I’m conflicted about this place. On the one hand, they have stunning landscaping, modern but handsome buildings, and good food and drink located on some absolutely fantastic beaches. On the other, you could buy yourself better food and booze cheaper at fine restaurants near great hotels all over the world. I know. I’ve been to them, and some of them are cheaper.
So, why go to Breathless? After all, this isn’t a 5 star experience. There are too many problems at the front desk during check in, and they’re pretty severely understaffed when full. The pools close at 7 (no kidding!), and they run out of some necessities, like the right kind of (expensive) liquor at precisely the wrong moment, which is when I am present. The entertainment is run of the mill. As long as everything goes smoothly, it’s a great place to stay, but minor problems need two or more front office contacts to fix. They DO “get-r-done” but the burden’s kind of on the customer, especially when the staff doesn’t always habla Ingles so well.
Yet this place is among the newest and best resorts that the world has to offer, and plenty of folks seem to be OK with the high prices. Who am I to say different?
I don’t, really. If all you want from a vacation is to relax and administer yourself some Life Demerol, or maybe spice up your relationship, this place is the cat’s meow. Maybe get sunburned or overwork your liver. Flirt with anonymous but alluring women wearing basically only three triangles of cloth that, combined, couldn’t provide enough material for a dinner napkin. Flirt with your wife, for that matter. Eat out every night at different cafés but never stray from the All-Inclusive reservation. Reconnect with buddies you’ve known since high school, or with your family. Go for it!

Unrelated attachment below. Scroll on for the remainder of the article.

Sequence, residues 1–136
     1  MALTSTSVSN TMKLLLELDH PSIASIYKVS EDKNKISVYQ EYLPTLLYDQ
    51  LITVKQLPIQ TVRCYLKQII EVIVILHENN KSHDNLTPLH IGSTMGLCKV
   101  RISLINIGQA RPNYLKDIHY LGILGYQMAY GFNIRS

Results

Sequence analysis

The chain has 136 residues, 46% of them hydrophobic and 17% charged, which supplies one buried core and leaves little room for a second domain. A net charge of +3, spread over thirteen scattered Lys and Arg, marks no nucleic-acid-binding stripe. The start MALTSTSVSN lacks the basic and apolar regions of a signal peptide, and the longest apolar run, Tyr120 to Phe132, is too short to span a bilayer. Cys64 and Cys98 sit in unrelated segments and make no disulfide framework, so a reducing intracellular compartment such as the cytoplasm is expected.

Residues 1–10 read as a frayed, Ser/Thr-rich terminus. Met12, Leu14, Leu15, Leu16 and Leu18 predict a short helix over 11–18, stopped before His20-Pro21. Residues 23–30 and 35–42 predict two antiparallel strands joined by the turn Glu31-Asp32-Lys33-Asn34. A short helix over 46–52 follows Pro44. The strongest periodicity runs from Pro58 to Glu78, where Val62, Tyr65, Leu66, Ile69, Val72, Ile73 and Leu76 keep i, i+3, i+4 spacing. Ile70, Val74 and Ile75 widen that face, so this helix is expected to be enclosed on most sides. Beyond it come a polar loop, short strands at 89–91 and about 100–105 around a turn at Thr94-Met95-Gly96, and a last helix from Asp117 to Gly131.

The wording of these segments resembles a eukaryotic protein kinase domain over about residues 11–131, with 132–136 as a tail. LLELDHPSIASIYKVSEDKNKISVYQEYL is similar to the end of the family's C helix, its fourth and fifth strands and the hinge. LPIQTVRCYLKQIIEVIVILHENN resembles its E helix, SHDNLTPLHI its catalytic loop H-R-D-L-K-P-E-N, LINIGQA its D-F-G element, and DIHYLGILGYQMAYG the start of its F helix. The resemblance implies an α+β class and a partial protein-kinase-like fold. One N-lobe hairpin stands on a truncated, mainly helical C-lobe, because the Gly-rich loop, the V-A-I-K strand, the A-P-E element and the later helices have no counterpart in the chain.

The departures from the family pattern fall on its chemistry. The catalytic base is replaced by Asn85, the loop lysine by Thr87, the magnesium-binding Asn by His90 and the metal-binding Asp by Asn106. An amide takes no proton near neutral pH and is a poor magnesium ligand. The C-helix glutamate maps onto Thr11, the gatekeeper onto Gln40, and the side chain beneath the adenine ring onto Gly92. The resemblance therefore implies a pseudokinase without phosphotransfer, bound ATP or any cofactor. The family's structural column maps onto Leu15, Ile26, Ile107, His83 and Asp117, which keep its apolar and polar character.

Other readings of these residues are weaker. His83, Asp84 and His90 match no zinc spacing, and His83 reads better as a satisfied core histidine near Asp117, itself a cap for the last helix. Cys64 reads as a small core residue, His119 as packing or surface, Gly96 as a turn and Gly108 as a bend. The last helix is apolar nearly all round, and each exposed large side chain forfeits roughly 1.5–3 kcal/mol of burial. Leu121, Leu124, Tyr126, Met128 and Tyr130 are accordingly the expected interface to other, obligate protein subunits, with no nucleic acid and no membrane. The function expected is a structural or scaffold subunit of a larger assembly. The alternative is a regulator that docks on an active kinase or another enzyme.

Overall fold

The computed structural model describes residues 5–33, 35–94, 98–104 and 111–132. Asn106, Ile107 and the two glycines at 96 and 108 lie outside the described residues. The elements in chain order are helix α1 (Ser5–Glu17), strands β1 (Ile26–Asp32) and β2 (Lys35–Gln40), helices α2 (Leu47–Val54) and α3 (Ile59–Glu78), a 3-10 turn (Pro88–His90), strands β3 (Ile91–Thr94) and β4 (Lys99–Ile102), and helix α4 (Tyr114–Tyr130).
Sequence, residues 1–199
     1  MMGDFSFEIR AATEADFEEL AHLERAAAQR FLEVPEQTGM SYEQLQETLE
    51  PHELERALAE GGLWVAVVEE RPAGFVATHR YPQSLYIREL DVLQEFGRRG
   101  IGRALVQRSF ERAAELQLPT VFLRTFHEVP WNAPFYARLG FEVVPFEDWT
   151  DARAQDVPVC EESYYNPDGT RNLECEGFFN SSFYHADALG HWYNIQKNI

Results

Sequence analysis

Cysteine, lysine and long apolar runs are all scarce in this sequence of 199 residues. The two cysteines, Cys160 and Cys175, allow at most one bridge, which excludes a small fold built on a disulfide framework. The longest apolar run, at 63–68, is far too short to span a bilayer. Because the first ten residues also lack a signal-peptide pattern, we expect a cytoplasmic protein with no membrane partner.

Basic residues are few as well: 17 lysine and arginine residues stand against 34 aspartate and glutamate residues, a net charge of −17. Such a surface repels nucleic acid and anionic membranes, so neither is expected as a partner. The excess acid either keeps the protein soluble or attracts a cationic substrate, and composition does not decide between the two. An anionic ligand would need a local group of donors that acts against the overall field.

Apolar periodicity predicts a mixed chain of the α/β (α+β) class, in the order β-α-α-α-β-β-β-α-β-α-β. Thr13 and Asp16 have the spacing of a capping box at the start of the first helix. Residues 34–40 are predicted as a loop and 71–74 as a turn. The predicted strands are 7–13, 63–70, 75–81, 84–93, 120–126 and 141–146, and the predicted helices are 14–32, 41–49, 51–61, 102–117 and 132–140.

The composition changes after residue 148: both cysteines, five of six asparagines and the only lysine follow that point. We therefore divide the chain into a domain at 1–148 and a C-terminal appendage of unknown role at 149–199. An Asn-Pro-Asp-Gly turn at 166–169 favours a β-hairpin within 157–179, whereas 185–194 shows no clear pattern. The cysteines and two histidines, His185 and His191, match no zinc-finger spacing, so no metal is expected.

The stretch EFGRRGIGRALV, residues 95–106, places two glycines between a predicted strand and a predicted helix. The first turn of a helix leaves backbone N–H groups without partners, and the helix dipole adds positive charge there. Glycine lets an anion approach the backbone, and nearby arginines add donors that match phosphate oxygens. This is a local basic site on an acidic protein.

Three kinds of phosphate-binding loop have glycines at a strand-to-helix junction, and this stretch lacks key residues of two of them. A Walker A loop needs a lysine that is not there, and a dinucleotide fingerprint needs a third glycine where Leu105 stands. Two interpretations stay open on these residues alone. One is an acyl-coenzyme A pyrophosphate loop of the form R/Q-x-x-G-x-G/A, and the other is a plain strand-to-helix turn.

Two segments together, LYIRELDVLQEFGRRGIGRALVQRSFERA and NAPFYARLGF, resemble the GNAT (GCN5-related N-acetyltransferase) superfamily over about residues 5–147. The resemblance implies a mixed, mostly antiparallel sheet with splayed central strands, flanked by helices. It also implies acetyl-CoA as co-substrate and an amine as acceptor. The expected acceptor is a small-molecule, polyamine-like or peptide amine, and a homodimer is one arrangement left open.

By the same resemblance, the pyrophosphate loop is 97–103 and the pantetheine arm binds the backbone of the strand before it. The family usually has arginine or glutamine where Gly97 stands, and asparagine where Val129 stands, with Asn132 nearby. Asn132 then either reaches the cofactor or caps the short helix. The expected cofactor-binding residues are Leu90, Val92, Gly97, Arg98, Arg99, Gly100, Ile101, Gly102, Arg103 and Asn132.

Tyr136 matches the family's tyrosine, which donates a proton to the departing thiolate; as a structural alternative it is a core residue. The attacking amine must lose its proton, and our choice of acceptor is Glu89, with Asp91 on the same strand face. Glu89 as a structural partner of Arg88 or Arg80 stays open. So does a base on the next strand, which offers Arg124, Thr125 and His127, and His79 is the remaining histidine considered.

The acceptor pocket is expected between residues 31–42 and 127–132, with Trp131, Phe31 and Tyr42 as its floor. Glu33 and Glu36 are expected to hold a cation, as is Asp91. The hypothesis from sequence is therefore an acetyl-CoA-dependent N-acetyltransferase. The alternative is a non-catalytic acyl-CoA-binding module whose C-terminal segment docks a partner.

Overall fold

I’m in the habit of comparing these places to cruising, and with good reason. They both give you room, board, and entertainment at one fixed price. They both have casinos, multiple restaurant venues, and Third-World staffers who speak some kind of unrecognizable gibberish but that doesn’t matter because all they really need to know is what is meant by “Glenlivet served neat”, but even that task is routinely botched up.
What you don’t know when you leave these places, though, is anything about the country or its people. You have experienced none of their culture. You’ve learned nothing more than how many angels can dance in the head of your beer.
Is that a bad thing? Hey, we’re talking Dominican Republic here, but even so, in a way it is. Even they have a history worth noticing.
On the other hand, I celebrated anniversaries myself once. I got married more than once. I can see these couples here are happy as they can be. I think I’m looking at this the wrong way. These places aren’t travel destinations, they’re unwind destinations. Places where you can recharge your battery or your sex life. Where you go just to be away from the kids or the job. Or get married, or celebrate a life event. It isn’t about learning or exploring. It’s about fun and living.
I like to travel partly to learn something new. But maybe really all the facts I’ve learned about the places I’ve visited aren’t as important as the relationships others build and maintain as a result of coming to these resorts. When my trip is over, I can brag about it and kick ass at Trivial Pursuit. They can go home with stronger relationships and fond memories. Now who’s stupid, Jonathan?
Maybe I am, but not so fast. Can’t I do both? Maybe there’s a balance to be struck. Everything in moderation, as Aristotle once noted, but moderation stays home to begin with. Nope, I’ll come back to one of these All-Inclusives…with a woman, and after doing a lot more exploring (including exploring for a woman). Then we’ll travel and learn together. I’d say rather “Everything in balance”, Mr Aristotle. Symmetry in all things is beautiful.